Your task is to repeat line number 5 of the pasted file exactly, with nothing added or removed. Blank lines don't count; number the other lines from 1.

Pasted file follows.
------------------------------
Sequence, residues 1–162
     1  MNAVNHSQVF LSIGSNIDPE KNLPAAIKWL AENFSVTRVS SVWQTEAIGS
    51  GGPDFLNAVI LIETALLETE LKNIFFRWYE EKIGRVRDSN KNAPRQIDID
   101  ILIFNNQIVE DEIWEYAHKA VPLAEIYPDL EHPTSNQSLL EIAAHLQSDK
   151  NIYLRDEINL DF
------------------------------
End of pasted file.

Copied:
   151  NIYLRDEINL DF